Wraparound services and student success

Pam Eddinger, president of Bunker Hill Community College, outlines the non-academic needs of college students. She spoke Thursday before a House higher education subcommittee.

There’s little doubt that “wraparound” services — tutoring, counseling, child care, transportation and other non-instructional services — can help students, especially those at community colleges, complete their credentials. The issue is whether states and the federal government are willing to increase funding for such services.

A House higher education subcommittee on Thursday examined how to help more students finish college. Completion benefits not only students but society and the economy by improving family income, reducing reliance on public welfare and lowering incarceration, while developing a highly skilled workforce that employers desperately want, said Rep. Susan Davis (D-California), chair of the House Subcommittee on Higher Education and Workforce Investment.

“Rather than splitting hairs about a one or two percent increase in funding levels, we should take bold steps to invest in students, feeling secure in the knowledge that our investment will pay off as we see more Americans earning college degrees, filling high-demand jobs and giving back to their communities,” she said.

Focus on adult learners

Pam Eddinger, president of Bunker Hill Community College (BHCC) in Boston, noted that the number of traditional college-age students in Massachusetts — and in the U.S., in general — will steeply drop over the next five years. To help meet employers’ needs, BHCC and other community colleges are focusing more on adult learners, who typically are working full-time, raising families and juggling other responsibilities.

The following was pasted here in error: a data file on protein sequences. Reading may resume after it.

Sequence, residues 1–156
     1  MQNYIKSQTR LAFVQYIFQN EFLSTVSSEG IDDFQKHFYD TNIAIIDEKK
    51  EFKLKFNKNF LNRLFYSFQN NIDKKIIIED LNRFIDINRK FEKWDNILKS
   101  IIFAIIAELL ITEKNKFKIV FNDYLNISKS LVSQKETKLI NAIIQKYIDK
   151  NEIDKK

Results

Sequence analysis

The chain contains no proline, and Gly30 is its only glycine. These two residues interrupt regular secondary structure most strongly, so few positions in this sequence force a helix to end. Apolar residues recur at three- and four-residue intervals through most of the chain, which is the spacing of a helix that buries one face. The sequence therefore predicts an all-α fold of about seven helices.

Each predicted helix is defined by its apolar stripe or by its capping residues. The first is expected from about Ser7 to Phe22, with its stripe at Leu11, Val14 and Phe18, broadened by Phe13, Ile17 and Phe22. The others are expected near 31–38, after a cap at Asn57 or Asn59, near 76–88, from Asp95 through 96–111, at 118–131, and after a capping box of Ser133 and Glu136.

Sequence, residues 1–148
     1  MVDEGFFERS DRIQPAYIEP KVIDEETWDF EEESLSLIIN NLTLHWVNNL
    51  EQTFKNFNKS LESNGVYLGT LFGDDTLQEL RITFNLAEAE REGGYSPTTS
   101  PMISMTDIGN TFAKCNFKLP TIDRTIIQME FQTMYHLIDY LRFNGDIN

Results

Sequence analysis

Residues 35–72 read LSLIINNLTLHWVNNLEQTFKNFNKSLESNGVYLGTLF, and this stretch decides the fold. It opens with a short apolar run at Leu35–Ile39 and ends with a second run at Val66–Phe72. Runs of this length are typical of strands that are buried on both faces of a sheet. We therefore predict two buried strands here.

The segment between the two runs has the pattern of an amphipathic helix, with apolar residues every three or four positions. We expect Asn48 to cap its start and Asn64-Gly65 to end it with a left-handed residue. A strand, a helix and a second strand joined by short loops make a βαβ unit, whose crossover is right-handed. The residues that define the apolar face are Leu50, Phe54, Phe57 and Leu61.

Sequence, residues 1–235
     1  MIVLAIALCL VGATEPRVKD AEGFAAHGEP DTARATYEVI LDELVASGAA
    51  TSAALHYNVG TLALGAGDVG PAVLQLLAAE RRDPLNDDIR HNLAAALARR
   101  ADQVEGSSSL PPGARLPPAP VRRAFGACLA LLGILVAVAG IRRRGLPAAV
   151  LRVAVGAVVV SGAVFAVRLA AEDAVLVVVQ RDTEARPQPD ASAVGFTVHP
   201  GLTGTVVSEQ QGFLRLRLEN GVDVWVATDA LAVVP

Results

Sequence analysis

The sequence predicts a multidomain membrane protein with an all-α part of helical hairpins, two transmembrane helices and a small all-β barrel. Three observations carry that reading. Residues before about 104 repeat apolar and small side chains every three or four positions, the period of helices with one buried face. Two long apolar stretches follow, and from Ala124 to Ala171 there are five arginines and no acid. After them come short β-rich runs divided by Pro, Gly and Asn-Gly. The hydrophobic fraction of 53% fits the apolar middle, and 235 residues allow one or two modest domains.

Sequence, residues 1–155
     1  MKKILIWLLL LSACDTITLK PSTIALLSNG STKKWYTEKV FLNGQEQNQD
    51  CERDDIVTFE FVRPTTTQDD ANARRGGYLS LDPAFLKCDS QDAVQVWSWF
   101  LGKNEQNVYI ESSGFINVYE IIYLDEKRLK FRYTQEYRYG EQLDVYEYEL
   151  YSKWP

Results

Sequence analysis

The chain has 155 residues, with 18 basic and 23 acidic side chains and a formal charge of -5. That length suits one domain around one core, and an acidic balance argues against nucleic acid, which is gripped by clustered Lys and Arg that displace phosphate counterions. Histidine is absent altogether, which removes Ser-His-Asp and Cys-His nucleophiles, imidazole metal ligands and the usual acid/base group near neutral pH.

“They are financially fragile, yet they know college leads to a better job and economic mobility,” she said.

Most students do not drop out because they lack motivation or have bad grades, Eddinger added. Among those who dropped out, 60 percent had a cumulative GPA of 2.5 or greater, and 40 percent had completed more than a year’s worth of classes. It was the pressures of food, transportation and child care that derailed them, she said.

Who funds it?

Susan Dynarski, professor of public policy, education and economics at the University of Michigan, noted that for elementary and secondary schools, additional resources go to students with greater need. In college, the equation is flipped.

“Schools that enroll students with the greatest need get the fewest resources,” Dynarski said.

She cited College Board figures that show about $10,000 is spent annually per full-time community college student, compared to $14,000 for public four-year college students and $45,000 for students at private universities.

Those resources matter when it comes to higher graduation rates, Dynarski said. She noted the ASAP program developed by the City Univerity of New York, which provides wraparound services and, as a result, has more than doubled its student graduate rate. Ohio has adopted the model and seen similar results.